What Is Technology : DNSSEC
DNSSEC, or DNS Security Extensions, are new features being made available to the domain name system (DNS) – the part of the internet which translates familiar web addresses such as www.jasonslater.co.uk into numbers that computers and network routing equipment can understand. Using the domain name system mechanism, instead of numbers in the form “nnn.nnn.nnn.nnn” makes the internet a simpler and more accessible place which is one of the reasons it has become so popular.
When you launch your web browser and type in a particular web address your computer sends a query to a local DNS server which then asks other DNS servers and returns what it believes to be the matching internet address in number format. We say “what it believes” as there are many internet addresses in use which require a vast number of domain name servers – from top level servers (which manage the last part of the web address such as .com and .org) to domain level servers and local DNS servers that private businesses may use. All of these DNS servers need to work together to keep on top of the regularly changing pattern of domain names to numbered addresses and by introducing a distributed mechanism the management of these systems becomes a little simpler but synchronisation becomes much more complicated – and this is where problems may creep in.
It is possible to intercept some DNS requests and modify them, and also for some computers to simply pretend to be valid DNS servers when they are really giving out false information. This means you could type a domain name into your web browser but you may end up on a completely different website.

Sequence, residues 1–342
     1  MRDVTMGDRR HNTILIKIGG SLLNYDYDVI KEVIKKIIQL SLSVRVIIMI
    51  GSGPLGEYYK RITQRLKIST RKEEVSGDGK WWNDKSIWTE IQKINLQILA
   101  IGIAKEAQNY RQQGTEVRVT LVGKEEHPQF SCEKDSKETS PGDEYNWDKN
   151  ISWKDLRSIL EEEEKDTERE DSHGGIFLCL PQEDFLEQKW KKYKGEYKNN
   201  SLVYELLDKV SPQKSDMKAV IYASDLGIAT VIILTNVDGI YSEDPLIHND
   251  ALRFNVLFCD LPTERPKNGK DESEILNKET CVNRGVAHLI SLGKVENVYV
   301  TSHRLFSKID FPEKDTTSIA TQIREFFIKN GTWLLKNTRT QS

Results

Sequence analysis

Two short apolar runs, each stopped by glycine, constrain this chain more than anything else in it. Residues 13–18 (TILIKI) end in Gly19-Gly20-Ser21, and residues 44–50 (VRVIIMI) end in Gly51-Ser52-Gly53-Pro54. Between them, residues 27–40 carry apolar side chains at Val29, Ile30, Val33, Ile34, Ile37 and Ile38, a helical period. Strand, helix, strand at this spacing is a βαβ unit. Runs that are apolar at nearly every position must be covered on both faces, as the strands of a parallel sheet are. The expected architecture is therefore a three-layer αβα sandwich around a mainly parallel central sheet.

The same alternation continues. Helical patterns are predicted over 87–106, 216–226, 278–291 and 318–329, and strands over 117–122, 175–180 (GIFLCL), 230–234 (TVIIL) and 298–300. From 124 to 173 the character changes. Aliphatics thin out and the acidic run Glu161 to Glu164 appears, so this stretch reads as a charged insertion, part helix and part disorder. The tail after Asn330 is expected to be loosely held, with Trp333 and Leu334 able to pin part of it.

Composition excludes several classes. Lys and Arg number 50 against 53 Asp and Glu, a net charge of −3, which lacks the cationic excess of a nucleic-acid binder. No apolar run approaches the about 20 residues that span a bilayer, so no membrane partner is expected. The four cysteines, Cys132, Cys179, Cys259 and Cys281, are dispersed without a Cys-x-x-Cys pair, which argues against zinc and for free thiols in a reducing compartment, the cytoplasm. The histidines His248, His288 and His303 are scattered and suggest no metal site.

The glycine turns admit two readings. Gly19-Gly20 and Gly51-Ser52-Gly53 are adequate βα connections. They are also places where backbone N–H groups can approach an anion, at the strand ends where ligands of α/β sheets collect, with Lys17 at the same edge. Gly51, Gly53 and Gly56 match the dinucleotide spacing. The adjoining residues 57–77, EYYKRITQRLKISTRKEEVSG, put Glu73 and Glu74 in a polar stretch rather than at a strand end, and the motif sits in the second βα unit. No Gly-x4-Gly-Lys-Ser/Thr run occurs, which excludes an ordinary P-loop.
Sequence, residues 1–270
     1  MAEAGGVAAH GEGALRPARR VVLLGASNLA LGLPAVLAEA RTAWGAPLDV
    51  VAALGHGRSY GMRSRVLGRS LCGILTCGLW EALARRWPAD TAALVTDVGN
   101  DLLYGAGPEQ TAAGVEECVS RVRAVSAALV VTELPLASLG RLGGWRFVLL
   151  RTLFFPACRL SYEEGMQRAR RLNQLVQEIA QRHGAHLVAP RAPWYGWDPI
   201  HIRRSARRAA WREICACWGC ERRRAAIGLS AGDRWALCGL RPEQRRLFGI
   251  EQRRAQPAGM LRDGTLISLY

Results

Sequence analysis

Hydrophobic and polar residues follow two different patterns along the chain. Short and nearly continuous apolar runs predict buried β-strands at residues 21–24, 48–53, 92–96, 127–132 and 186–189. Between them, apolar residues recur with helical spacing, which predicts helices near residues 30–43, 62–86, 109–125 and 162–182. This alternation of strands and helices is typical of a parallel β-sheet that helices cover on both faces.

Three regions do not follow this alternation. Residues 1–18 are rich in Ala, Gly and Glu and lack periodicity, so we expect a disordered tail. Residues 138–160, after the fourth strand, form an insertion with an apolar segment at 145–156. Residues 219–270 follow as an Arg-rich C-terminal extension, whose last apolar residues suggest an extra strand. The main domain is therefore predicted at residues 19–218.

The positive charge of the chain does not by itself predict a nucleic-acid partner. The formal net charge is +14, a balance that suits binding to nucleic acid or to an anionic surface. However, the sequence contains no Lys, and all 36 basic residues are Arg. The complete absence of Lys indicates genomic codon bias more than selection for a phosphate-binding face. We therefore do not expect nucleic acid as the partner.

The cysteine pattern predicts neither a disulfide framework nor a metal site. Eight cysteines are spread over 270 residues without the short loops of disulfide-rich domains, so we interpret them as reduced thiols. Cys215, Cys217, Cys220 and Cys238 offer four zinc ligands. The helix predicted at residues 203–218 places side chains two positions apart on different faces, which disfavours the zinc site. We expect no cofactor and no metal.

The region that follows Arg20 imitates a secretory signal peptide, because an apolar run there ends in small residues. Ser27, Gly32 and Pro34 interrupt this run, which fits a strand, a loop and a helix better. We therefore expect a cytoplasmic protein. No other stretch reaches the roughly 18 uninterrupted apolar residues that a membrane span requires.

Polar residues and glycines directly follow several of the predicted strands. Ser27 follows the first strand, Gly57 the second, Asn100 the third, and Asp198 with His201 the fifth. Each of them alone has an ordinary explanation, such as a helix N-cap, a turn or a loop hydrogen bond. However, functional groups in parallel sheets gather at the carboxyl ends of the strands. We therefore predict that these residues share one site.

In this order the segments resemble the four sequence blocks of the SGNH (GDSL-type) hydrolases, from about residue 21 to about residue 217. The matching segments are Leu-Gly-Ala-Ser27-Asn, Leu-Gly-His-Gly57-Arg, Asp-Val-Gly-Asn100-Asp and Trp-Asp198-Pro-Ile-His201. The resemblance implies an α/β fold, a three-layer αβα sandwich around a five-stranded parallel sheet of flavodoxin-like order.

The purpose of DNSSEC is to make this particular part of the internet, the request and transmission of addresses to numbers, a little more secure by adding new fields to messages involved in DNS communications – and these messages will be digitally signed for an added level of security. Fortunately, a hardware appliance is available to handle the automatic signing of DNS messages which should make integrating the system into an existing infrastructure somewhat easier.
The core of the work involved in turning DNSSEC into a reality is contained within three primary RFC (Request For Comments) documents, these are RFC 4033, RFC 4034, and RFC 4035. If you have been keeping up with my adventures in reading the entire set of RFC documents (more than five thousands) you’ll know that I am currently up to RFC 1000 – so there is a little way to go before we hit DNSSEC! That said the DNS protocol itself is initially defined in RFC 1035 – which itself goes back as far as RFC 882 (Domain Names – Concepts and Facilities).
For more information visit the DNSSEC Securing the Domain Name System website.